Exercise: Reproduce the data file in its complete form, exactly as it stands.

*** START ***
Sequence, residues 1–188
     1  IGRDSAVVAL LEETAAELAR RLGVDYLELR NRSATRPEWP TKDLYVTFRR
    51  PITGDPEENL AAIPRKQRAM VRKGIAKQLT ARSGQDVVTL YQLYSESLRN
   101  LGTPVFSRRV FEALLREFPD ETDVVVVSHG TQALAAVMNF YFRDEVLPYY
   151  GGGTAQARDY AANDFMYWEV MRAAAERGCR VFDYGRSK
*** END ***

Sequence, residues 1–188
     1  IGRDSAVVAL LEETAAELAR RLGVDYLELR NRSATRPEWP TKDLYVTFRR
    51  PITGDPEENL AAIPRKQRAM VRKGIAKQLT ARSGQDVVTL YQLYSESLRN
   101  LGTPVFSRRV FEALLREFPD ETDVVVVSHG TQALAAVMNF YFRDEVLPYY
   151  GGGTAQARDY AANDFMYWEV MRAAAERGCR VFDYGRSK